Ten Questions with Michael Smith
Tuesday, September 22, 2015
Posted by: Brook Pritchett
This month AIS is delighted to present a feature on Michael D. Smith, Professor of Information Systems and Marketing and the Co-Director of IDEA, the Initiative for Digital Entertainment Analytics at Carnegie Mellon University. Beyond publishing in leading academic and professional journals, his work has been covered by global outlets including The Economist, The Wall Street Journal, The New York Times, Wired and Business Week. He answers questions on the challenge of doing research that is interesting and impactful in IS, with insights for doctoral students in particular. He also offers perspective on how the value of research can bridge the divide between the academy and practice. You can learn more about him from http://www.heinz.cmu.edu/~mds/
1. Henry C. Lucas Jr asks you, how can we make IS research more interesting and impactful?
That’s a great question. The exponential growth of the capabilities of Information Systems is affecting just about every aspect of business and society. Our field is best positioned to understand these changes and to help businesspeople and policymakers respond effectively. That’s an amazing opportunity, and we need to embrace it. I’d love to see us spend more time engaged in two-way dialog with business and policy communities, understanding their needs and pressing questions, studying those questions, and then sharing those results in meetings and industry conferences as energetically as we share our results in academic conferences.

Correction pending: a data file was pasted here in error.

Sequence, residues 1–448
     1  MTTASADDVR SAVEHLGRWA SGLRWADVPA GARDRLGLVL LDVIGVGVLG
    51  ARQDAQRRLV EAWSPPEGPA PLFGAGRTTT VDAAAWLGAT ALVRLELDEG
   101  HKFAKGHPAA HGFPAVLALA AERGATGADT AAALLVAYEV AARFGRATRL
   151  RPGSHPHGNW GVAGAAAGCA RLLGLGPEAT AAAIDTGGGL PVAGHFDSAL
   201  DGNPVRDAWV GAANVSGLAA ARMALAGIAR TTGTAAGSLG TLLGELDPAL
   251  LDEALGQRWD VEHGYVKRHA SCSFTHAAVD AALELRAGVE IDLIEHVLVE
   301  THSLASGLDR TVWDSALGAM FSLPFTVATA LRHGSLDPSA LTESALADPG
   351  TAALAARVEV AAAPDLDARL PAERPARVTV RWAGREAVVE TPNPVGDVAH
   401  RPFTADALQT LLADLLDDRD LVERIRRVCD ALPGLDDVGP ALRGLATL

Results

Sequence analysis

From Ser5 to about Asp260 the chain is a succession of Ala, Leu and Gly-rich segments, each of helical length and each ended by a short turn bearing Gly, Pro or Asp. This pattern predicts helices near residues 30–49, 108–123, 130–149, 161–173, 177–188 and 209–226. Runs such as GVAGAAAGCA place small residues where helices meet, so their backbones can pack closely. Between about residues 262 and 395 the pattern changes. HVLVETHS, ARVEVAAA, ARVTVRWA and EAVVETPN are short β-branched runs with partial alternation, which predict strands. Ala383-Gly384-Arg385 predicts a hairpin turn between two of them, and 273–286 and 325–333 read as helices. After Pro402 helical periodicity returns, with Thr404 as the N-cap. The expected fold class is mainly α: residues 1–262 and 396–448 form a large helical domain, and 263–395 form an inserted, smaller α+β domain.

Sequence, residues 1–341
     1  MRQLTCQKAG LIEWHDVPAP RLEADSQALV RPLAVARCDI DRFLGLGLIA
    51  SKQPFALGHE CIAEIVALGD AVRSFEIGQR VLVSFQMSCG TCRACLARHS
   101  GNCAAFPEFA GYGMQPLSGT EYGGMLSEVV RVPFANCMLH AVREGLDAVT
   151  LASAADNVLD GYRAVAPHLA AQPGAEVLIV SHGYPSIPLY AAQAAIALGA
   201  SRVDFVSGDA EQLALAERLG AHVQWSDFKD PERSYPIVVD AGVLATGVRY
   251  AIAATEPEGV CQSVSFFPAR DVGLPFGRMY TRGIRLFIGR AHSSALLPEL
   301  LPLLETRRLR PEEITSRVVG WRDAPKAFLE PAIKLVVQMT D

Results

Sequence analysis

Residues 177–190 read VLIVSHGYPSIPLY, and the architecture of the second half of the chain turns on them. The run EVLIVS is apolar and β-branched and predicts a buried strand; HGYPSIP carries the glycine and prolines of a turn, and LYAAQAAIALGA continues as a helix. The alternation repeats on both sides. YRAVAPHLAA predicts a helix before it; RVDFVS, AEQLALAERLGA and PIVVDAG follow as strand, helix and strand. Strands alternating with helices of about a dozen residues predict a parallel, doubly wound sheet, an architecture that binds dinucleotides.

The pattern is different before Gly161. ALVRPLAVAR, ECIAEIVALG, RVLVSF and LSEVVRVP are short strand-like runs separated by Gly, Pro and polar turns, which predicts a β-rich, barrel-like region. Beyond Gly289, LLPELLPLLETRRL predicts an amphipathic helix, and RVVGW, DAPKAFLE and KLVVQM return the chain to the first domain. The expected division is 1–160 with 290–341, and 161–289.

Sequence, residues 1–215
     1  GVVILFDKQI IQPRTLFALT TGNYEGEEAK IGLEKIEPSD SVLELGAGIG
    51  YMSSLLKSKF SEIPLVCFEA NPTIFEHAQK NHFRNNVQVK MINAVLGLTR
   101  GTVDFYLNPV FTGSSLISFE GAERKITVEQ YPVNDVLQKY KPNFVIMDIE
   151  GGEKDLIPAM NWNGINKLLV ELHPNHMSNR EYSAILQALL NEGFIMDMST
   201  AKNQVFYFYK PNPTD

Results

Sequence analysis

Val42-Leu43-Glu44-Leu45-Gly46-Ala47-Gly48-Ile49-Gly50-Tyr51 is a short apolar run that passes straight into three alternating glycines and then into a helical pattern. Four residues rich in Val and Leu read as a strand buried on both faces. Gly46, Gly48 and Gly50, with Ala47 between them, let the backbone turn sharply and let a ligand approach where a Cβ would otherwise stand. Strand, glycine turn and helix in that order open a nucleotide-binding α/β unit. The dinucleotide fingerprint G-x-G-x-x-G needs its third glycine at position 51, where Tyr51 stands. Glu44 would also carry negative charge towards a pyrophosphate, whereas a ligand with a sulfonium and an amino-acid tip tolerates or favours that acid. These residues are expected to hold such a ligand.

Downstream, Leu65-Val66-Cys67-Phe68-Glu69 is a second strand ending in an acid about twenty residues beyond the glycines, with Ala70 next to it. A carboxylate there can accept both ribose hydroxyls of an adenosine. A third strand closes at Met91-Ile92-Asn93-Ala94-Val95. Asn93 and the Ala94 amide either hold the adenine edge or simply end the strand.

2. What do you consider the most interesting research questions (or research domains) of the next five years?
I’m fascinated by the impact of information systems on our business and social institutions. My recent research is focused on how technology is changing the entertainment industries, but I think the impact of IS on health care, security, and particularly education are also vitally important areas, and ones where IS researchers have a unique opportunity to make important contributions that will extend beyond just journal publications and citation counts.
3. In your opinion, do IS researchers pay enough attention to research on consumer technologies?
I don’t know that we should spend more time on consumer technologies per se, but I think there are very interesting questions about how these technologies are being applied to change markets and society. For example, I don’t find personalization technologies all that interesting by themselves, but when you think about the value of personalization as a driver of consumer loyalty and the strategic value of consumer data as a source of market power, that (at least in my view) is where things get really interesting.
4. Early in your career, you worked in industry. How has this shaped your academic research program?
I think being in industry gave me a better appreciation for the value academic research can provide to busy business managers (see my answer to question 5 below) and for just how fortunate we are to have the time and freedom to pursue our interests as academics (see my answer to question 6 below). As a consultant, I spent a lot of time studying the questions other people (i.e., our clients) found interesting, and that has helped me appreciate just how fortunate we are to study questions that we find interesting.
5. How can doctoral students and faculty without industry experience strive to bridge the gap between academia and practice in their research?